Swanton said that if Shirley could not come to an agreement with Ayer, and the town of Ayer insists on five years to make up the NSS>RLC, 55/45 split with Shirley, then that would result in a $1 million decrease in the school district budget.
The details of plan b
So we move to plan b," he said. "For Shirley we move the money from the amount above RLC to the RLC line, so the RLC matches the DESE target, as does Ayer's. That would limit growth in Shirley's assessment to $348,000, but hold Ayer's amount above RLC to the amount in the fiscal 2014 budget.
"So only the $200,000 dropped down, so the school budget would have to decrease by $207,000, which creates a disparity in the percentages for NSS>RLC," he explained.
The plan would necessitate that the regional agreement be rewritten to take two years longer to rationalize the amount above RLC that Shirley was due to have caught up on in fiscal 17.
The district still has to take $207,000 out of the budget, but that's better than $348,000. And Shirley will still have to reconcile the $348,000. But I think this provides a rational solution, probably the least painful way to solve the problem, with a fix by fiscal 2019," Swanton said.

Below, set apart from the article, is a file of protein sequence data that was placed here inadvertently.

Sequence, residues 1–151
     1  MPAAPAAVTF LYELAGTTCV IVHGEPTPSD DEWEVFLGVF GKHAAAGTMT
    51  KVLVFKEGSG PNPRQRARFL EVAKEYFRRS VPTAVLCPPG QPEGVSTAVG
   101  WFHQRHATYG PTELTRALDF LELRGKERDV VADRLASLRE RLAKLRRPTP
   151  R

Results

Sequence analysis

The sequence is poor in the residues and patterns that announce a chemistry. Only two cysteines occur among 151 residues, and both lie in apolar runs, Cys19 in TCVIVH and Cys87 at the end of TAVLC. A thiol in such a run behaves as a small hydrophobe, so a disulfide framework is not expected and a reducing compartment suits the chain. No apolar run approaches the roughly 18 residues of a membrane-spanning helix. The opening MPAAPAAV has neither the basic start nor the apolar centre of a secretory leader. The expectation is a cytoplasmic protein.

"I view this as sort of like a marriage, and sometimes you have to give more than you want to give, but divorce is not a pleasant situation.
"With regionalization we got a school system that neither town could have gotten alone, and although this is a very rocky patch, I think that we will come out the other end happy with what we accomplished."
If the two towns did decide to move forward with the proposal, their citizens would need to vote at their respective town meetings to insert language into the regional agreement that would say that for the purposes of the agreement, the RLC would be equal to the greater of the RLC determined by the DESE, or the DESE target RLC less any RLC paid to other districts, including but not limited to the Nashoba Valley Regional Technical School.
Swanton recommended getting the Ayer and Shirley boards of selectmen and finance committees together as soon as possible to "hash through it."
By us taking the $200,000 out of above RLC and putting it in the RLC, you increase that gap on the amount above RLC," said Swanton.